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LEARN Art Accessories



Workshops Demo’s Speakers

craft is powerful We want to show the depth and breadth of the crafting community. Anything you want—clothing, jewelry, art, music—you can probably get from a real live person here in your own town. And buying handmade, one-ofa-kind goods from your neighbor kicks the ass of buying mass-produced, slave-made corporate stuff.

craft is personal To know that something was made by hand, by someone who cares that you like it, makes that object much more enjoyable. And it makes you feel less lonely when you realize that you know the name of the person who made the bar of soap you use, the earrings you wore when you met that special someone, or the scarf that kept you from freezing while you waited for the train.

craft is political We’re not just trying to sell stuff. We’re trying to change the world. We want everyone to rethink corporate culture and consumerism.

craft is possible Everybody can create something—you don’t have to be an established business to make stuff. Make encourages new crafters by giving them a place to sell their work for the first time. We hold workshops to teach people how to make things. And we’re creating friendships and conections between crafters‹being a small business owner doesn’t mean you have to work in isolation.

History MAKE is a unique diy event held annually in Brooklyn, Chicago, Los Angeles & San Francisco. MAKE has gained a reputation over the last six years as being the biggest, best and the most well known diy craft fairs out there. Each individual fair draws hundreds of applicants and tens of thousands of shoppers from all over the country and abroad! You’ll find all sorts of cool handmade stuff; including plush items, jewelry, posters + prints, craft kits, clothing, stationery + more. MAKE is organized by Sue Daly, whose a crafter herself, and designs jewelry under the name Timber! Her husband Mat Daly makes all of the posters for the events, always being sure to include the beloved owl mascot! The inspiration for MAKE came when Sue wanted to take her jewelry-making hobby to the next level, and try selling her stuff at local art fairs. After looking into it a little, it quickly became apparent that there were no shows representing the diy craft community, which already had a huge presence online. So, with a childhood friend the MAKE was started and provided an exciting, fresh venue for artists and shoppers alike.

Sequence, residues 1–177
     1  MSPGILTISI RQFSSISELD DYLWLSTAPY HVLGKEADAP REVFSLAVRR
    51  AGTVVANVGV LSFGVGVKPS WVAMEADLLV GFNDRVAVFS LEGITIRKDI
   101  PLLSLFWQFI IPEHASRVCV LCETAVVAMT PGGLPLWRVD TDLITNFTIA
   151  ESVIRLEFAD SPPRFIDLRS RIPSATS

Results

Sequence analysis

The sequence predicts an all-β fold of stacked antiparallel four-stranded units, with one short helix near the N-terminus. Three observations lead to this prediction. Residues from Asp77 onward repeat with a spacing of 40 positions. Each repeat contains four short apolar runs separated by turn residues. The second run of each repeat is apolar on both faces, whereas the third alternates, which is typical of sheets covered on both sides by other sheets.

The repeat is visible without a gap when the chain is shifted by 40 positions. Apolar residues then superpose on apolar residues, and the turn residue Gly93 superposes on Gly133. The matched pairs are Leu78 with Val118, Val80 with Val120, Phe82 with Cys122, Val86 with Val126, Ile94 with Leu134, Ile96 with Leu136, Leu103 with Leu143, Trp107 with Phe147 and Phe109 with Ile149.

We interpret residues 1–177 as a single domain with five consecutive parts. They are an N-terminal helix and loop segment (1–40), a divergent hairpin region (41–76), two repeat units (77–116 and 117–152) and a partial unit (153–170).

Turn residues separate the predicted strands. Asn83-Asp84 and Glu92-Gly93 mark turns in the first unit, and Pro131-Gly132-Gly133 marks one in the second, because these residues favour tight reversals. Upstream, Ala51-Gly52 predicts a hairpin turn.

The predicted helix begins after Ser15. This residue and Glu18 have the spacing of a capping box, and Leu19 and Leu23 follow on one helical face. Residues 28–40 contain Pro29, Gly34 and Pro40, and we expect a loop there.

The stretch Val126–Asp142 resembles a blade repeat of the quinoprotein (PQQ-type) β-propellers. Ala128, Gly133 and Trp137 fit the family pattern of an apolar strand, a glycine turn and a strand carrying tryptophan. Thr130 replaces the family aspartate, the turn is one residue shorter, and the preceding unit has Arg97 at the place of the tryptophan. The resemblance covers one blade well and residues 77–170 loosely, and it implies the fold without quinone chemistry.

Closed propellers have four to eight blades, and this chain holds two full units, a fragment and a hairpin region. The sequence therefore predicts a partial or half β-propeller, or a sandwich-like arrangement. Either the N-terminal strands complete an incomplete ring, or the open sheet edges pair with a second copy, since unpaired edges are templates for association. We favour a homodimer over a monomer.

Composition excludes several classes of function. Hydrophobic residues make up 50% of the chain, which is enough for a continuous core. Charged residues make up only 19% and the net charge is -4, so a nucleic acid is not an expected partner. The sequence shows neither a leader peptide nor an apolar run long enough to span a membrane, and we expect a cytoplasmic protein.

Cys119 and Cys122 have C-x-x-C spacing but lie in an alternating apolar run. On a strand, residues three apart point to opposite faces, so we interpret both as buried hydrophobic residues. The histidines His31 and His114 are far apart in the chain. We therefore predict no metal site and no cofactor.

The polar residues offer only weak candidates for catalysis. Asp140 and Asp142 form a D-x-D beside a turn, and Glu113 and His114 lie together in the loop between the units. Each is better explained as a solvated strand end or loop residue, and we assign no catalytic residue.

July 20th 10am ~ Jenny Hart of Sublime Stitching 12pm ~ D  eb Dormondy of If’n Books & Marks 2pm ~ S  usan Daly founder of MAKE, as well as Timber 4pm ~ Sabrina  Gschwandtner founder of KnitKnit

11am ~ Jenine Bressner of Jenine Bressner Fireworks 1pm ~ J  W & Melissa Buchannan of The Little Friends Of Printmaking 3pm ~ A  nnie Mohaupt Shoemaker of Mohop

11am ~ Bottle cap magnents with Emily Kircher 12pm ~ J  ewelry with Jennifer Perkins of Naught Secretary Club 2pm ~ Dolls with Heidi Kenney, My Paper Crane




July 21St 10am ~ Susan Daly founder or MAKE & Timber 12pm ~ Alena Hennessy, Paint, Print & clothing maker 2pm ~ K  ayhie Sever of Ramonster 4pm ~ Clarity Miller of Blackbird Fashion

11am ~ J  ewelry with Christy Petterson of A Bardis 12pm ~ Knit something nice, with Knittya 2pm ~ Stuff with Jill Bliss of Blissen 6pm ~ Birds with Sarah Rara of Birds of Prey

11am ~ Whitney Lee of Made with Sweet Love 12pm ~ Jewelry with Jennifer Perkins of Naught Secretary Club 2pm ~ Dolls with Heidi Kenney, My Paper Crane

a schedule 10am









Nation July 20th & 21st 7pm Screening

Handmade Nation documents a movement of artist, crafters & designer that recognize a marriage between historical techniques, punk and DIY ethos while being influenced by traditonal handiwork, modern aesthetics, politics, feminism and art. Fueled by common thread of creating, Handmade Nation explores a burgeoning art community that is based on creativity determination and networking. In 2006 first time director Faythe Levine traveled to 15 cities, interviewed 80 individuals. Levin captured the virtually tight knit community that exisits through websites, blogs and online stores and connects to the greater public through independent boutiques, galleries and craft fairs. Interviews were also conducted in artist studios and homes of the freatured makers.

a donkey

Donkey Parts


Front of Body

Place the mane along the indicated position on Donkey’s body and sew along the dotted red line. (Sew about 3 mm in from neck)


Fold the ear pieces in half lengthwise and sew along the dotted red line.


Place the ears in their indicated position on the body and sew along the dotted red line. (Sew about 3 mm in)

(Stack ears together then sew) (Sew about 5 mm in from fold)

Front of Body

04 Glue together the 2 tail peices

insert tail between the 2 tuft panels

Glue together lightly and then stitch tail tuft


Place tail at the indicated position and se along the dotted red line.


Stack the other half of the body on top.


Make incsions to keep the fabric from snagging

(Sew about 3 mm in from butt)

Front of Body


With the ears, mane, and tail sandwiched between the two halves of the body, sew along dotted line




Turn right side out, stuff with cotton and sew shut Front Reverse Stuff with Cotton Handstitch Shut


Stack the two halves of the hooves together and sew along the dotted red line


Put on the donkeys hooves, and drape the saddle over Donkey Sew the saddle and hooves just enough so they dont slip of





Position the button eyes and sew them into place



Don’t forget to name your Donkey !


brochure for indie craft fair.